In his annual letter to Berkshire Hathaway (NYSE:BRK-A) (NYSE:BRK-B) shareholders, Warren Buffett included an extensive discussion of investment fees, and how they can rob individual investors of profit. Here's what Buffett says most people should do instead, and how you can do it in your own portfolio.
Buffett's $500,000 bet
In Berkshire's 2005 annual report, Buffett said active investment management, as a whole, would underperform the results of simple buy-and-hold investing, over long periods of time.
A few years later, Buffett offered to wager $500,000 that no investment pro could choose a set of at least five hedge funds that would beat the performance of a low-cost S&P 500 index fund of Buffett's choosing, over a 10-year period.
Only one fund manager, Ted Seides, took the bet and chose five "funds of funds" as his picks. The first year tracked for the purposes of the wager was 2008, so 2016 represented the ninth full year. Buffett detailed the year-to-year performance of each investment thus far, and the results aren't even close.
The S&P index fund has returned a compounded average of 7.1% per year -- a total return of 85.4% as of the end of 2016. On the other hand, the collective performance of the five funds-of-funds has been dismal. The total gain of 22% represents just over one-fourth of the return of the S&P index fund. So, barring a miraculous year for the hedge fund industry, it looks as if Buffett and the charity he selected to receive his winnings will be victorious at the end of 2017.
The best investment most people can make
Buffett's logic is that someone who invests in a S&P 500 index fund, by definition, will match the market's performance.
On the other hand, "active investors" as a group will also deliver average investment performance over time -- that is, some managers' investments will do well, and others won't. However, when you add in the cost of actively managed investment options, particularly hedge funds, the result is that the average hedge fund will underperform the market.
From the results of his bet, which competed against five funds-of-funds that represented hundreds of individual hedge funds, it appears his logic was sound. In fact, Buffett estimates that 60% of all the fund-of-funds gains went toward management fees.
Buffett's main point is that when managers charge high fees, the managers may earn tremendous profits -- but investors won't. Therefore, the best investment most people can make, whether they're wealthy or just have a few hundred dollars to invest, is a low-cost index fund such as the one Buffett used for his bet.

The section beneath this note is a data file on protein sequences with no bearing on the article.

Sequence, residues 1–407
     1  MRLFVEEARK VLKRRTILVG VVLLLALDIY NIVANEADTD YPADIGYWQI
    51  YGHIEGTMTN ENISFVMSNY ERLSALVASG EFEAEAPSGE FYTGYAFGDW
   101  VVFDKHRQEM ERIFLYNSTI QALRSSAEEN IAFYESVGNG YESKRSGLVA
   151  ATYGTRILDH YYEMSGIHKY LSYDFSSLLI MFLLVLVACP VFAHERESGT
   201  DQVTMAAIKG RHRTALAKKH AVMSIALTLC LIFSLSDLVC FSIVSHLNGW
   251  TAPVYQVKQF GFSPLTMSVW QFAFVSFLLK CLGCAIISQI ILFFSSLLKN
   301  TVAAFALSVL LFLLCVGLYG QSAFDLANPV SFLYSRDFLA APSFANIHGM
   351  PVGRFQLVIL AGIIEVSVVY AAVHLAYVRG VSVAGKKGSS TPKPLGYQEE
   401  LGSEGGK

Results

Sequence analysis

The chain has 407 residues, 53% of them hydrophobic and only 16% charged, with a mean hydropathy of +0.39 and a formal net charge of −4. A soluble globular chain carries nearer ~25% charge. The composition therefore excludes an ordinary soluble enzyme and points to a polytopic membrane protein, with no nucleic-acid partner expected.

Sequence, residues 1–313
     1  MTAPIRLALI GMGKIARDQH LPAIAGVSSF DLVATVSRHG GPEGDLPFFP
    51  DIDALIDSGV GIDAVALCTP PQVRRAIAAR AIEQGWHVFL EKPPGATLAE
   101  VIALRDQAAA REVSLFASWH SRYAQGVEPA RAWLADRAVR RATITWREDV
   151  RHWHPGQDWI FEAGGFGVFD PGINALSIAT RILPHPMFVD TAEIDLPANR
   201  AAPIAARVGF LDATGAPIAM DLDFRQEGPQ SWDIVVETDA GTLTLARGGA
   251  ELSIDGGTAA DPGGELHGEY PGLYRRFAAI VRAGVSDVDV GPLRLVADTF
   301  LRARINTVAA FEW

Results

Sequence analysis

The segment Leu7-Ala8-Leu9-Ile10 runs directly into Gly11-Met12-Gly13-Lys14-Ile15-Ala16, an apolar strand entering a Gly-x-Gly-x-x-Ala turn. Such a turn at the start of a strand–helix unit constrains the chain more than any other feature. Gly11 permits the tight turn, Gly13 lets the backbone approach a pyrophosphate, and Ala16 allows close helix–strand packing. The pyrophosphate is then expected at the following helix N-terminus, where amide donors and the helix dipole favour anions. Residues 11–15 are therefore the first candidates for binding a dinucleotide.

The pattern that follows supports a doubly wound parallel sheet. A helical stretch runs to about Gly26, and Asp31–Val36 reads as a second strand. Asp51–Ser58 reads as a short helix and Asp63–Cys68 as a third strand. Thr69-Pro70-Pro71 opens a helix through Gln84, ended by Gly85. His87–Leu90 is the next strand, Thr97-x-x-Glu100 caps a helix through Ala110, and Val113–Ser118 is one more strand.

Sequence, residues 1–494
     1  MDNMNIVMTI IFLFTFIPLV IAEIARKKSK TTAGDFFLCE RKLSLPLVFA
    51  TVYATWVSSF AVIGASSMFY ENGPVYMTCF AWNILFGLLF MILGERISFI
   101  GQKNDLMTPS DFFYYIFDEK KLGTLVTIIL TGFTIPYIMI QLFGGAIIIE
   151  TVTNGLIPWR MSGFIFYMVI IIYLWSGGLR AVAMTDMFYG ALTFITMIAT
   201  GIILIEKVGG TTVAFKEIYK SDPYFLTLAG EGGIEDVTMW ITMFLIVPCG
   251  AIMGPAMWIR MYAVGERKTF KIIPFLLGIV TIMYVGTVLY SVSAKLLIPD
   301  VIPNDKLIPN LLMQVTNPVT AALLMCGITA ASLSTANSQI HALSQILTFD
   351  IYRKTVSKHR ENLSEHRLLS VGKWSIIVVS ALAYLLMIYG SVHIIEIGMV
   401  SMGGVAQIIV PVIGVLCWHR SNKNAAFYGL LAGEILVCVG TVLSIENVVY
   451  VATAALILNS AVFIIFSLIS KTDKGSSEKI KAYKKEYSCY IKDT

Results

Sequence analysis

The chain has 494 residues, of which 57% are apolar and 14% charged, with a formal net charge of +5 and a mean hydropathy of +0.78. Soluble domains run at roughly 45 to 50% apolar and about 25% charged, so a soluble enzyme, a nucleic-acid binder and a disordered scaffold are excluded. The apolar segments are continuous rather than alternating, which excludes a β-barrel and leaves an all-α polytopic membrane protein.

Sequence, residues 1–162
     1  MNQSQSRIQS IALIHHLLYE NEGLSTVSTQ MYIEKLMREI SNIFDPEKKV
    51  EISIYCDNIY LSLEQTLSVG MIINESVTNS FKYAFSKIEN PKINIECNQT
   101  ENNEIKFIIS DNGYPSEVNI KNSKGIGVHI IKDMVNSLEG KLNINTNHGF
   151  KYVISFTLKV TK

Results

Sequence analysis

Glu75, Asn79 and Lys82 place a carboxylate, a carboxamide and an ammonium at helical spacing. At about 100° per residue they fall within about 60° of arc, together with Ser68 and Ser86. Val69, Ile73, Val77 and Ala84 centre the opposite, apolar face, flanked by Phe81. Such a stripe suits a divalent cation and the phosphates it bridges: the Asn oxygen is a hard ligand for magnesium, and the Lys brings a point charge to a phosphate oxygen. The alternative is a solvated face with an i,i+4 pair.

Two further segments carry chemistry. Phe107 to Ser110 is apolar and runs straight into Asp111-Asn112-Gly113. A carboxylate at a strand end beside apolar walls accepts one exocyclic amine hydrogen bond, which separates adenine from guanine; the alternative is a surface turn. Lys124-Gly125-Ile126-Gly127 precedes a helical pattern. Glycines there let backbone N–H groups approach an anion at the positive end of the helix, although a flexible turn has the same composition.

Examples of low-cost index funds
For his bet, Buffett used the Vanguard S&P 500 index fund, which is available in both mutual fund and ETF form. I prefer the Vanguard S&P 500 ETF (NYSEMKT:VOO) for most investors, simply because it's easy to trade and has an extremely low expense ratio (that is, an annual management fee) of just 0.05%. This means if you invest $100,000, your annual expenses will be just $50, so your investment should track the S&P 500's performance very closely.
There are several other S&P 500 index funds in the market that are perfectly fine, and chances are that if you have a 401(k) at work, there's a similar passive investment option. And there are several other types of index funds available that can help you meet your investment objectives.
As one other example, if income is more of a priority for you, the Vanguard High Dividend Yield ETF (NYSEMKT:VYM) could be a good choice for you. The idea behind this index fund is similar to that of the S&P 500 index fund -- large American companies -- but with a focus on stocks that pay relatively high dividend yields. At just 0.08% annually, the cost isn't much more than the S&P 500 version.
As a side note, you may have noticed that I'm a Vanguard fan, as Buffett is, because of the low costs of the company's ETFs and the variety of index fund options available. You can read Vanguard's full ETF list here if you're interested.
Buffett isn't discouraging you from buying individual stocks
To be perfectly clear, Buffett isn't necessarily saying you shouldn't buy individual stocks. If (and this is a big "if") you have the time and desire to properly research companies to invest in, and are committed to building and maintaining a well-diversified portfolio, go for it.
The point is that most investors don't have the time or desire to do all of this, so the other option is fund investing. And simply buying a collection of large American businesses and letting them do the work for you is a far better option than paying hefty fees to some fund manager.